Eliza

Eliza Li

Cantonese opera performer who has performed at the Hong Kong Arts Festival

Li Siu Leung

Li Siu Leung

Former Dean of the School of Chinese Opera at the Hong Kong Academy for Performing Arts

 

Can Cantonese opera captivate the next generation?

As the city looks forward to the opening of a new performance venue in 2019, two insiders deliberate the future of the art

 

Eliza Li (EL) I was exposed to Cantonese opera from an early age; my grandfather was a playwright and my parents were performers – I loved the art so much it became my career.

 

Li Siu Leung (LSL) When I was a kid in Hong Kong back in the 1960s, opera was ingrained in the city’s soundscapes. But I only came to appreciate it when I studied Chinese opera at university.

 

EL I’ve always loved the spectacular performances. As I grew older, I came to appreciate the libretto [booklet containing the lyrics] as it’s written
so poetically.

 

LSL It’s amazing that these traditions have lasted so long. Chinese opera dates back over a millennia, and Cantonese opera emerged in its present form in the mid-19th century.

 

EL I hate to say it’s a dying art form, but if nothing changes, the opera could suffer in the future. Our middle-aged audience is ageing and young people are not hooked yet.

 

LSL Since the ’60s and ’70s, Cantonese opera has struggled to grow its audience base. Back in the ’50s, the art was everywhere. Today, it’s no longer the dominant form of popular cultural entertainment.

 

EL It’s true that Cantonese opera requires time and effort to appreciate.

 

LSL It’s been almost 10 years since it was inscribed on Unesco’s Representative List of the Intangible Cultural Heritage of Humanity in 2009, which gave the art form official status and recognition.

 

EL The Xiqu Centre in the West Kowloon Cultural District, a new performance venue that will be opening in January next year, will be a huge boon for the art.

 

LSL Even before Unesco’s inscription, the government had introduced the Cantonese Opera Advisory Committee and Cantonese Opera Development Fund. That was the beginning of a new momentum for the art, which had been in decline since he ’70s.

 

EL Working on bringing the opera into schools and universities for that early exposure is really important, too.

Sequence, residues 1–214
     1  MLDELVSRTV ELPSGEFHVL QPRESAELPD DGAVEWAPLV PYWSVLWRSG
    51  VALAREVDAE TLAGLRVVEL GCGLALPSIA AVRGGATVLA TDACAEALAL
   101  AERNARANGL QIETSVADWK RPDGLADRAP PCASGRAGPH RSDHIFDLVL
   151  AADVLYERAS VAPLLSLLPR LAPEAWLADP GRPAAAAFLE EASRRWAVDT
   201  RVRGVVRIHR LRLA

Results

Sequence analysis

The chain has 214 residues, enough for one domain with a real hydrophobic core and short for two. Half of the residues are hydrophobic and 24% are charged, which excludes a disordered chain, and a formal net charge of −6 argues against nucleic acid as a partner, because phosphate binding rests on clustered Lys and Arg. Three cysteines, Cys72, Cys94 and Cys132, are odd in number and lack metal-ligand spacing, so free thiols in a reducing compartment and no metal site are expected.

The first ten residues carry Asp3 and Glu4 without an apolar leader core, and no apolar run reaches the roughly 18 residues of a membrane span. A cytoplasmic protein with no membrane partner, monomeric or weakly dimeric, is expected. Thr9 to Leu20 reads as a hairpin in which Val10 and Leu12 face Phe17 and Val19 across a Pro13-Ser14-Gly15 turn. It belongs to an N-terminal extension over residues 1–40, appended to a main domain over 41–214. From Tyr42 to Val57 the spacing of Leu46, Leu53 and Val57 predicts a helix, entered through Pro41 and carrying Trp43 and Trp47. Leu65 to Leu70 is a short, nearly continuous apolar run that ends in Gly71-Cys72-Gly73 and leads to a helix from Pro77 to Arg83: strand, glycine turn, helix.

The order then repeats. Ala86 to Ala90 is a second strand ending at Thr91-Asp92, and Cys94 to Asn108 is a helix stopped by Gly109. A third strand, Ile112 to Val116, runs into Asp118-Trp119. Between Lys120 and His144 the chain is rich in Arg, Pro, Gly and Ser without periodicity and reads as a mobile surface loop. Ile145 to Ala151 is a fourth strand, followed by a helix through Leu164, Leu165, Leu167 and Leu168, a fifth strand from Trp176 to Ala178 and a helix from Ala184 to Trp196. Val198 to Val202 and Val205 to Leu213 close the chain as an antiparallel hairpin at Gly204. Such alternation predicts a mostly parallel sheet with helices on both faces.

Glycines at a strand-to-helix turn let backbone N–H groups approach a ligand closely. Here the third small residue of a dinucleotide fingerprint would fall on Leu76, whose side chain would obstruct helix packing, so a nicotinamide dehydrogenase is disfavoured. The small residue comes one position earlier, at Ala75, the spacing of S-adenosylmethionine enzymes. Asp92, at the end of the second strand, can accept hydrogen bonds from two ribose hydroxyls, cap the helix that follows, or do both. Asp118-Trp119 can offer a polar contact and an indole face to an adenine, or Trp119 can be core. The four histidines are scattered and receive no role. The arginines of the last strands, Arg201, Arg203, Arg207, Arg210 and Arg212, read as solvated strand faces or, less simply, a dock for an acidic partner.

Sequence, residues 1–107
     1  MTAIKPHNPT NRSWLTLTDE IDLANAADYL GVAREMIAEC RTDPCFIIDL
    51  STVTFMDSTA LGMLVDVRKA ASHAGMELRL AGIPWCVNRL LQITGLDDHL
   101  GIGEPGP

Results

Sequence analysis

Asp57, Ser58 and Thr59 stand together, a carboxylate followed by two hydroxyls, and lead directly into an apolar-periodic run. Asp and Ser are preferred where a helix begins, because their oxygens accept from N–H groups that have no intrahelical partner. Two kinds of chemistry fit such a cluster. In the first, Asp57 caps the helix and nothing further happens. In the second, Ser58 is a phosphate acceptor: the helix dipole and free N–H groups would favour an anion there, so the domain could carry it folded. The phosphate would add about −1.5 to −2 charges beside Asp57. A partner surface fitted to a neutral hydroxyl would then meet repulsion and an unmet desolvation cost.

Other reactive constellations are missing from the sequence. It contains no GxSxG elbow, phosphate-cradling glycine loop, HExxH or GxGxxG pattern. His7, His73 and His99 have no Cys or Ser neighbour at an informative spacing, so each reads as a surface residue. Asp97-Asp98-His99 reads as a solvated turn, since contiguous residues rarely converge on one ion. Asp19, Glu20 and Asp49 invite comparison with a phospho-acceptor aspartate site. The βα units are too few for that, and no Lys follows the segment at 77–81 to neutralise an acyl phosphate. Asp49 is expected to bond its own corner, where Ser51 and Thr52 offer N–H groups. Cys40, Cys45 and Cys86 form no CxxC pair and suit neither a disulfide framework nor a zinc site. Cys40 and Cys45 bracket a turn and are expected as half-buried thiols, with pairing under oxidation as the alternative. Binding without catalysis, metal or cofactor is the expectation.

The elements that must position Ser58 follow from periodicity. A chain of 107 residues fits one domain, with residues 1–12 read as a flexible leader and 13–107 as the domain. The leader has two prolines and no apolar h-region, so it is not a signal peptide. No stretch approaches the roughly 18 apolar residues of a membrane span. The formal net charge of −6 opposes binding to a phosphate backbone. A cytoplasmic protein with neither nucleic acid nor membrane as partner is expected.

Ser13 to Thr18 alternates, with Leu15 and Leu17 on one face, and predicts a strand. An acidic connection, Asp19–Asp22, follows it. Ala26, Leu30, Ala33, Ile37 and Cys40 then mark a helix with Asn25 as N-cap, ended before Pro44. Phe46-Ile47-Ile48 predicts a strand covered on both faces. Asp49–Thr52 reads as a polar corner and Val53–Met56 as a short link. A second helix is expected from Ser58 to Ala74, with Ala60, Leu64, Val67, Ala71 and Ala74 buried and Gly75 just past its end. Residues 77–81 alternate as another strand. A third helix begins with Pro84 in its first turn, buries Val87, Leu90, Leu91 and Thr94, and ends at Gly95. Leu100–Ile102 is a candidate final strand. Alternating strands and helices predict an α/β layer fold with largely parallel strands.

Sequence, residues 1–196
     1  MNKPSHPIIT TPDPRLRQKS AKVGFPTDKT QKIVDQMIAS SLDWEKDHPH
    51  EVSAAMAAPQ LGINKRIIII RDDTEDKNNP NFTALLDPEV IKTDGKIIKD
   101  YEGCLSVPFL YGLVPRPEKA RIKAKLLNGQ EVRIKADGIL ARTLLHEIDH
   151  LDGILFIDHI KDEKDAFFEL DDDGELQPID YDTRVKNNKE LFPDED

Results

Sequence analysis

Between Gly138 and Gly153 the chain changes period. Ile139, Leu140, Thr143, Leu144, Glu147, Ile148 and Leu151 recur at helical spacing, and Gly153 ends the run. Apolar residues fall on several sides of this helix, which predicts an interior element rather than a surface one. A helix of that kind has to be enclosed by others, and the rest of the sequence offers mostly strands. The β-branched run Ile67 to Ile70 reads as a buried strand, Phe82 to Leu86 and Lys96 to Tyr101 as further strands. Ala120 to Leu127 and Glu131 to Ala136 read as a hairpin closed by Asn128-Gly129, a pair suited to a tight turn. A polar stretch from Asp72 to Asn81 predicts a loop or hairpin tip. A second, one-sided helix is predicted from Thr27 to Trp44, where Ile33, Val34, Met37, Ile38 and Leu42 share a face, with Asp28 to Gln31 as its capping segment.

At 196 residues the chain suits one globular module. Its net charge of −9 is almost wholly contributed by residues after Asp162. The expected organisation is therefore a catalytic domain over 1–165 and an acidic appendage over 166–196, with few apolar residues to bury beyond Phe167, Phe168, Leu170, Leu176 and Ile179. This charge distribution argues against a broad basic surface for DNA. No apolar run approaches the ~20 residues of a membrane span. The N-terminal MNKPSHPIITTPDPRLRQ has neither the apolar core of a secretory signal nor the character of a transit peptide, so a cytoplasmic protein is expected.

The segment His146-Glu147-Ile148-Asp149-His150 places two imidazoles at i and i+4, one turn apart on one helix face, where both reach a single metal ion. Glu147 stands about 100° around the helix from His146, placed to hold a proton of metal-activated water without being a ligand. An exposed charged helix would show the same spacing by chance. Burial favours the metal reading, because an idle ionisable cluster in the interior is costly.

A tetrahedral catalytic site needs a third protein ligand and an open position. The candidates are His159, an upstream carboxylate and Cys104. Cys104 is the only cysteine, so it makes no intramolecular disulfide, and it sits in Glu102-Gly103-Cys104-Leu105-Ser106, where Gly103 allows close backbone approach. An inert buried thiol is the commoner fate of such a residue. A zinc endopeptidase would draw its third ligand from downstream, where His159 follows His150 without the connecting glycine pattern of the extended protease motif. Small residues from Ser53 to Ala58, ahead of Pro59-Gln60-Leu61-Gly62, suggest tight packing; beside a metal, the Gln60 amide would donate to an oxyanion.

LSL Yes, the opera shouldn’t wait for people to reach middle age before potentially appreciating the art.

 

EL Currently, there are many ways for young people to participate in the art form – apprenticing, art school, hobby classes and weekend training for teens. The Hong Kong Academy for Performing Arts has also recently introduced a new Cantonese opera degree. But it has been difficult to recruit young spectators.

 

LSL At Hong Kong universities, there are appreciation courses for the art, but no credit-bearing classes devoted to Cantonese opera. We need to work harder to institutionalise it.

 

EL There has been a lot of work to update the programming for a younger crowd and I’m hoping to see more. I’ve been collaborating on projects across industries, with visual artists and dance companies, to introduce Cantonese opera to a broader audience and to show how creative and contemporary
it can be.

 

LSL I would say there are pros and cons to promoting Cantonese opera on social media. On one hand, when you have stars with big followings, you spread awareness about the art. However, the performers with many followers are not necessarily the most talented. Do you use social media?

 

EL I don’t use it that much.

 

LSL It needs to be done with a careful strategy. Looking ahead, we have to encourage young performers and build a younger fanbase. Of course, we won’t see impressive shows without a complete cast of excellent performers, such as yourself. I’m speaking from the bottom of my heart: you and your cohort of talented young performers are the future of Cantonese opera in Hong Kong.